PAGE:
Business Opportunities May Not be Opportunities at All

January 21st, 2012

Business opportunities can be appealing to many consumers because they offer people a chance to be their own boss.  In addition, these opportunities frequently claim to provide a fail-proof, “turn-key” business, complete with all the materials needed to successfully provide the service or produce the goods at issue.  But the opportunities can end up costing consumers their savings. The FTC has been cracking down on companies offering business opportunities that it says took millions of dollars from more than two million consumers.  Before you dive into  a business opportunity, be sure to do your homework.

Ask lots of questions, such as:

  1. What exactly is the nature of the work involved – i.e., what will I be doing?
  2. How much will I be earning and how are my earnings calculated?
  3. Who is it that’s going to be paying me – the company or a customer?
  4. How much will I have to invest – exactly – to get the business started? Companies promoting business opportunities that can’t effectively address these 4 simple questions are not worth your time and should be ignored.

Request disclosure documents

The FTC   under a recently updated Business Opportunity Rule requires that the company provide you with a Disclosure Document seven days before you sign any agreement or give the seller any money.  That document should provide you with lots of information, including:

  1. Identifying information– i.e., the company’s name, address, and phone number; the sales person’s name; and the date the seller gave you the document;
  2. Legal actions– i.e., whether the company has been sued or prosecuted for misrepresentation, fraud, violation of securities laws, or any unfair or deceptive practices within the past 10 years.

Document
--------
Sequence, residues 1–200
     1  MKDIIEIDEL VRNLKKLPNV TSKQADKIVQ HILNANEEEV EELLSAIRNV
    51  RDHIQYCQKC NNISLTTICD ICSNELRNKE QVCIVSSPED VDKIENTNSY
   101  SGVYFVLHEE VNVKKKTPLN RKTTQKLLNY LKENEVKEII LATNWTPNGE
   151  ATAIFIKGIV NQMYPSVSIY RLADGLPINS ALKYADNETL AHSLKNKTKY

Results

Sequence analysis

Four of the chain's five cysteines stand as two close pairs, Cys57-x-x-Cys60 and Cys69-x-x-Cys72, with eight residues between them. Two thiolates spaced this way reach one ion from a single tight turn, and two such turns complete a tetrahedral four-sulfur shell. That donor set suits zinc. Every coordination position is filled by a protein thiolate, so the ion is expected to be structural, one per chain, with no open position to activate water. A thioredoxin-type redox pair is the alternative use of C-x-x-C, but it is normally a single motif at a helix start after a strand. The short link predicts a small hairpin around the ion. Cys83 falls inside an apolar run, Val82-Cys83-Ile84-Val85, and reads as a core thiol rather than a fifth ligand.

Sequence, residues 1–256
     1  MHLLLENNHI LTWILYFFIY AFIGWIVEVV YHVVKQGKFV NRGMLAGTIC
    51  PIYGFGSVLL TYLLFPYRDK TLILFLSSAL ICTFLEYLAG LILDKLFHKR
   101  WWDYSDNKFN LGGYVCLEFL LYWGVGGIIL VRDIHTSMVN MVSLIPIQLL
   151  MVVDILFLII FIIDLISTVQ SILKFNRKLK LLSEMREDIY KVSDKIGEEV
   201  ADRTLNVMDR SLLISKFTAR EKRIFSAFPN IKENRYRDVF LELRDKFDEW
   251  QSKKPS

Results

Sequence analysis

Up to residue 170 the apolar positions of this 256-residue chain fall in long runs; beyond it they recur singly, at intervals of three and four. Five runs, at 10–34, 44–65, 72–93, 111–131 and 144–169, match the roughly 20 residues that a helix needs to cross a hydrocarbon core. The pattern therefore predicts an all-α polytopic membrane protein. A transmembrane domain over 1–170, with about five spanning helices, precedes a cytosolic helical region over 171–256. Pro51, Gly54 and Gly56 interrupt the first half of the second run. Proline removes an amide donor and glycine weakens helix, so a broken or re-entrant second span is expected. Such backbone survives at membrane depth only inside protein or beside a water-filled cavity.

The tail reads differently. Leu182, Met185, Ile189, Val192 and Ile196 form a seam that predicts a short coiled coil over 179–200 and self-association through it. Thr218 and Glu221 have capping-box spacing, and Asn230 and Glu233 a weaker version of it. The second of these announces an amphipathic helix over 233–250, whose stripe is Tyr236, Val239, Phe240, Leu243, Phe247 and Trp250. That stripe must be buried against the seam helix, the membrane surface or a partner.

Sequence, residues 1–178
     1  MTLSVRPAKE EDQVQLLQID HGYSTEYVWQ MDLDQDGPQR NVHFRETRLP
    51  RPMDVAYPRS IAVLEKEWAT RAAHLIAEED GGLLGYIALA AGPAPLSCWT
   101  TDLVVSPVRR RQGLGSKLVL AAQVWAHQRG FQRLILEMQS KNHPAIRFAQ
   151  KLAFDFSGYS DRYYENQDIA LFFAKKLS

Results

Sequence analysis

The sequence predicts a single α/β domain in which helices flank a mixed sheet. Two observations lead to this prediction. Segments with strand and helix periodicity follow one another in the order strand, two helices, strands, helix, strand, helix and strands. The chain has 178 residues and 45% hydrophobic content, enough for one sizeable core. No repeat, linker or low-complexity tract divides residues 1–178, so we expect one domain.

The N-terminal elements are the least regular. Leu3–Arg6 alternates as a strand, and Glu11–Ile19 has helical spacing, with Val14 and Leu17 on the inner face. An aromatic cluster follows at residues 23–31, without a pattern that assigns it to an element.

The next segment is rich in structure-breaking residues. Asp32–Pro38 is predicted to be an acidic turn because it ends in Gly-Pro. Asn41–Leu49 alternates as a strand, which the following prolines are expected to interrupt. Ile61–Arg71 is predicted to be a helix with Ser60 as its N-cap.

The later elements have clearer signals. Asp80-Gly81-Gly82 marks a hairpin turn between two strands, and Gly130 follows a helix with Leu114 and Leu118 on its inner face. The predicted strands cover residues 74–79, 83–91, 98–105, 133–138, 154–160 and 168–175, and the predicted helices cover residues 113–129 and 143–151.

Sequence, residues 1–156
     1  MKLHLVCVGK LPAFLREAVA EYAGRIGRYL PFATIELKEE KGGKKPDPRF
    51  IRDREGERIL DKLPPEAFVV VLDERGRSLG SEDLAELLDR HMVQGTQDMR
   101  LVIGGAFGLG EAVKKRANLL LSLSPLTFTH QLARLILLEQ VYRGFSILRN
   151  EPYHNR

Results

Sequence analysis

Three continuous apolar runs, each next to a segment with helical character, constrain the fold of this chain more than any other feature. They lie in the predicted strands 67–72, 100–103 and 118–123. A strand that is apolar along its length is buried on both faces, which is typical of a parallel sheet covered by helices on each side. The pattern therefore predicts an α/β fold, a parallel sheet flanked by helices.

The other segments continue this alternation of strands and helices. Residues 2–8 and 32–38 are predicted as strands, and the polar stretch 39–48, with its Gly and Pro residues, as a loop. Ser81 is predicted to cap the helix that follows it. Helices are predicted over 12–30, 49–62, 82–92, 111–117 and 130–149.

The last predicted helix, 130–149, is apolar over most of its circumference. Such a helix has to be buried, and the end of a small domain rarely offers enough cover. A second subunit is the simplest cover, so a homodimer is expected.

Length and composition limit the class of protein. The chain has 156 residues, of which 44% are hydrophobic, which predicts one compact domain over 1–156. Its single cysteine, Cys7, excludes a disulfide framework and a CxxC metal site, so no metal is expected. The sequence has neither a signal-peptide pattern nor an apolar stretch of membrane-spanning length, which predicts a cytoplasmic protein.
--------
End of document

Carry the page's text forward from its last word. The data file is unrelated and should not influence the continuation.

3. Cancellation or Refund Policy– i.e., does one exist and what is it.
  4. Earnings – i.e., if the company has stated or implied how much money you can earn, then it has to give you an Earnings Claim Statement.
  5. References – i.e., contact information for at least 10 people who have bought a business opportunity from the company.

Research the company

In addition to asking lots of questions and thoroughly reviewing the Disclosure Document, you may also consider doing the following:

  1. If possible, visit the company in person.
  2. Carefully examine the quality of any inventory or products that you will be selling to customers.
  3. The company may be making claims that you’ll be selling products manufactured by reputable, renowned companies.  If that’s the case, contact those companies directly and confirm that they do indeed have a business relationship with the company that you’re evaluating.
  4. Critically evaluate documentation supporting estimates for your earnings.  Some companies will misrepresent the earnings potential of such businesses in an effort to persuade you to sign on the dotted line.
  5. Take any “satisfaction guarantees” with a grain of salt.  Even fraudulent companies will guarantee the success of their program.
  6. Ask your local Better Business Bureau or State Attorney General’s office if any consumer complaints have been filed against the company.  But remember – just because you don’t find any complaints doesn’t necessarily mean the company’s in the clear.  It could also mean that no one has gotten around to complaining yet.

Take your time

Sometimes, sales people will try to rush you into a decision so you don’t have time to do your due diligence.  Don’t fall for it.  A legitimate opportunity will usually still be there tomorrow, so take your time.

Get it in writing

Any promises made by the company should be obtained in writing.  Sometimes, the Disclosure Document will cover it all, but other times, you’ll need to request additional pieces of paper from the company.

Read, read, read

Finally, before you do sign, read the contract.  Every word.

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Established in 1914 under President Woodrow Wilson, the FTC is the United States government’s primary regulatory authority in the area of consumer protection and anti-competitive business practices in the marketplace. Its Bureau of Consumer Protection assumes the lead in the Commission’s efforts to eliminate deceptive advertising and fraudulent business practices at work in the economy.

Too frequently, the term proves to be simply a euphemism for sending your money along to an unknown person or company and then watching your money magically disappear

A written, legally-enforceable representation that a product or service will meet a given standard of quality and/or performance. A word that, whether used in its noun, verb, or adjective form by advertisers, should be viewed with a healthy dose of skepticism by consumers

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